For years, gate-crashing “Hobbitville”was a daring way for intrepid Salt Lake City teenagers to kill an evening. Ignoring the “No Trespassing” signs, the emboldened youths would slink around the grounds’ folk art—stone structures and poetic quotes scattered throughout the property’s eight acres—in search of the little people that urban legend foretold lived there. But their thrill would often be cut short by members of the Allen family, the property owners, who would chase them out of the sleepy neighborhood.
Raucous kids weren’t the only people Ruth and Amy Allen Price banished from Hobbitville, a space on 1300 East across from Westminster College that’s officially known as Allen Park. The mother and daughter team, it turns out, also dismissed members of Preservation Utah, a local nonprofit that has long been interested in helping the park’s notable buildings gain a place on the National Register of Historic Places.
“They didn’t try to chase us away with guns or sabers,” Preservation Utah Programs Director David Amott says, contrary to some of the more wild stories he’s heard about the Allen family’s expelling of unwanted guests. “We could never quite pin them down. We would make headway, and they would fall off the radar. They wouldn’t return calls. There was just not an obvious way forward.”
Utah Division of State History’s Cory Jensen is on a similar boat. “No one has contacted us about nominating the property to the National Register of Historic Places,” Jensen, who handles nominations statewide, tells City Weekly in an email. “However, from what I understand, it could be eligible if no major non-historic changes have been made to the buildings or landscape—but that would need to be determined.”
Dr. George A. Allen acquired the expanse that would become his namesake park in 1931. Credited with conceiving the Salt Lake Zoological Society, Dr. Allen kept zoo animals on his property, giving free reign to an elephant, chimp and reindeer, which presumably lived peacefully alongside Allen family pets that included a raccoon, a coyote and a sandhill crane named Sandy. The physician also carted old homes into the hamlet. Over the coming decades, he had historic homes, one of which was a log cabin built in Holladay in the 1850s, transported across town and placed in the park, creating several duplexes he named after his kids. A shroud of secrecy soon enveloped the community, and no formal historical designation steps were ever started, though tenants did move into the properties and make them their homes.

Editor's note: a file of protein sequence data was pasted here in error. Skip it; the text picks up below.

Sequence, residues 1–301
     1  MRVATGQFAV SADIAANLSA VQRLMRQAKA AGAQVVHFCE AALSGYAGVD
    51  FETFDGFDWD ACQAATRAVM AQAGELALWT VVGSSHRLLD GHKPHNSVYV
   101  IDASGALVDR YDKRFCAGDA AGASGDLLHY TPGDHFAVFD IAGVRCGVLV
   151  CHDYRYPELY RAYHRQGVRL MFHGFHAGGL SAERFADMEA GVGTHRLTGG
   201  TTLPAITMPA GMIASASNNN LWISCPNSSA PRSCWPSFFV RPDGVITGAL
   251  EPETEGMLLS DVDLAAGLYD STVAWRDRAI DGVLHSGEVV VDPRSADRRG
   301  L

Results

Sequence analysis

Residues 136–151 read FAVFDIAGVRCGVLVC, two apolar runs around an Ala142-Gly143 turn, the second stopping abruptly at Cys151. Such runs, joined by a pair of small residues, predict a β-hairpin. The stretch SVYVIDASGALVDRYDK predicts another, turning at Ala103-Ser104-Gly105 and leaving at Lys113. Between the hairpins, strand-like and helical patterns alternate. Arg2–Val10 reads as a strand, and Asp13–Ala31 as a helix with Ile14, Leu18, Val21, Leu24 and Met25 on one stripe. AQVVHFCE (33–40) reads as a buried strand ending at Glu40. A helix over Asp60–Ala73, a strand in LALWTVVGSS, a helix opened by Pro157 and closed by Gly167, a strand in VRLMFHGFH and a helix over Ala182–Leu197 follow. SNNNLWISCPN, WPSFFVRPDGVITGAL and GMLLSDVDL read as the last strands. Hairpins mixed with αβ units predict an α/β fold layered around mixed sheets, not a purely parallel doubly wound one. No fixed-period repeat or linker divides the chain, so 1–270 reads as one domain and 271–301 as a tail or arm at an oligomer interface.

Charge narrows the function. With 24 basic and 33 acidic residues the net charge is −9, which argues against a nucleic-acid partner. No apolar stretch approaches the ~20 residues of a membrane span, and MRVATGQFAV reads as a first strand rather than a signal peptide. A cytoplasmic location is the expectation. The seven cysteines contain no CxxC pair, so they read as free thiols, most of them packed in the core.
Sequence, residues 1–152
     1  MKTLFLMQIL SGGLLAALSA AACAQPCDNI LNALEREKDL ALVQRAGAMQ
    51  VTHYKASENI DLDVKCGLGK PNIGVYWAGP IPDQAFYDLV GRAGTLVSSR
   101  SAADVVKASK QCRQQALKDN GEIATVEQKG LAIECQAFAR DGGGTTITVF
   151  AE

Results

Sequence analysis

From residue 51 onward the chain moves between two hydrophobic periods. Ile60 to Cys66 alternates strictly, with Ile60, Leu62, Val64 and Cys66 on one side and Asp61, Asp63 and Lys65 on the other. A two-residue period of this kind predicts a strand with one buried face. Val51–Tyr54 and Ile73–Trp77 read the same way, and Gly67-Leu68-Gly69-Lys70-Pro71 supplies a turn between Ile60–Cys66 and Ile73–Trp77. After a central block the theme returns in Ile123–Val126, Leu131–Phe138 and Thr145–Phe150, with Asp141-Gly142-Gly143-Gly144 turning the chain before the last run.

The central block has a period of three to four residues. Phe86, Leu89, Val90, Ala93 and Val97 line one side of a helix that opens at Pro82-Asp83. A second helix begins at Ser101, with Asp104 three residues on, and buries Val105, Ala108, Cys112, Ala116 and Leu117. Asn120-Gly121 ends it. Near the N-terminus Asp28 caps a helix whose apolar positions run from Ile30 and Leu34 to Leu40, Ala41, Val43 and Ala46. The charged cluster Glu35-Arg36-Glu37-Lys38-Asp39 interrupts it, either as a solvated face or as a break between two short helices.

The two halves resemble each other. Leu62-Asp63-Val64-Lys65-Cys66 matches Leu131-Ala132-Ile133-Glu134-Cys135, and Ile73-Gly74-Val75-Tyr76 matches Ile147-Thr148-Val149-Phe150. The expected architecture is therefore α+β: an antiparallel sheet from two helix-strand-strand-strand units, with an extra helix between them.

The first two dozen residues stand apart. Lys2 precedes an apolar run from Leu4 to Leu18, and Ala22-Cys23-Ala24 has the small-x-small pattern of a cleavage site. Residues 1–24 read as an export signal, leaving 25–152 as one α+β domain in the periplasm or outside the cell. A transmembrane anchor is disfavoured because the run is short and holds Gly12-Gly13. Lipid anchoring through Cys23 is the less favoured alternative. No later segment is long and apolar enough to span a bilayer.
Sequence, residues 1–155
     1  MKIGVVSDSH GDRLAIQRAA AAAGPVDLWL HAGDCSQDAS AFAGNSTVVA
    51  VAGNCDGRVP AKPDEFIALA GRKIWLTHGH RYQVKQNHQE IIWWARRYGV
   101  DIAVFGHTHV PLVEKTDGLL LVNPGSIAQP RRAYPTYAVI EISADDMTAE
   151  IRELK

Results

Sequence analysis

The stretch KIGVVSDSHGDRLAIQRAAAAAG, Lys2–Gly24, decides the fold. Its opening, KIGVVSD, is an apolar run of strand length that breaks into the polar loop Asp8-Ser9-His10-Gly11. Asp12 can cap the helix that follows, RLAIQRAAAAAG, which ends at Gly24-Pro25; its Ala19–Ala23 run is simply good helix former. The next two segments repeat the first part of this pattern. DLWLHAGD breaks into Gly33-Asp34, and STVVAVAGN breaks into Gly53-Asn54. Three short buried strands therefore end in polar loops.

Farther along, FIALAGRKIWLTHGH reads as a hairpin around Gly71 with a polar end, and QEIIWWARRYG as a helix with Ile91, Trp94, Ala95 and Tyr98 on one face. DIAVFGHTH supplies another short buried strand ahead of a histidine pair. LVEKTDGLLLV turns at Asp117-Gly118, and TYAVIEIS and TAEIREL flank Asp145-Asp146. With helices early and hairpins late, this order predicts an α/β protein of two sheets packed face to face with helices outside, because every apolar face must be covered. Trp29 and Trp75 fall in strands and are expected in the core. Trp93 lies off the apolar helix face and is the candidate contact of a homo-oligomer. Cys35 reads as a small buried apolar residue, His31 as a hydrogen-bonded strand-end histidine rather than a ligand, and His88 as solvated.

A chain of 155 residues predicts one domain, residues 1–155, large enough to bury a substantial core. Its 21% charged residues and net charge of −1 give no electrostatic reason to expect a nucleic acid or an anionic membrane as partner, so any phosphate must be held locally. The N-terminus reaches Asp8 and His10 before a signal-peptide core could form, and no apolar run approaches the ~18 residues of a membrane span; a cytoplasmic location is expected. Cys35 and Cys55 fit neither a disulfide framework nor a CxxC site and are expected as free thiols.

Allen Park’s last remaining eight residents were required to leave their apartments Monday. Now, the estate’s fate lies with the probate court, which will sort out what the surviving Allen descendants will inherit given that Ruth and Amy Allen Price have died.
David Hampshire, who wrote a cover story about his 12 years as a Hobbitville resident in last week’s issue, remains “terrified” his old stomping grounds will likely be gutted to profit. It’s a wonderful community, he says, a paradise so shaded by massive trees that residents don’t need air conditioning in the summer. A place of wonderment and a callback to a simpler past where neighbors knew one another and took care of community fixtures, like the peacocks that roamed throughout the grounds. “I hope that whoever acquires the property will keep some of the amenities in here,” Hampshire muses. “It really is a little town of its own within the city.”
Fearing the property will soon morph into its ticky-tacky Sugar House surroundings, Amott says his preservation group will keep an ear to the ground and try to identify parties that might be interested in sharing Allen Park’s history with future Salt Lake City residents. “We are looking for partners in the community to find a way to preserve Allen Park, [or] at least key elements of that property, for future generations of Salt Lake City resident to enjoy,” he says. “Whatever party does take it on, we’d love to work with [them] and find a way to, as much as possible, preserve the vision of Dr. Allen when he made this unique site.”
Amott suggests private developers could apply for tax credits after electing to place the buildings on the National Register. Of course, the duplexes are old and would need to be renovated, as would parts of the overgrown landscape, commitments Amott says were difficult to secure when Preservation Utah contacted Amy more than a decade ago. If a developer were willing to rehab the currently standing buildings and rent them out, they could also receive substantial tax credits from state and federal entities.
“We’re excited to identify partners in preservation for this unique site, and we’re going to be watching it closely and following it as the site’s future reveals itself through effort and time,” Amott says.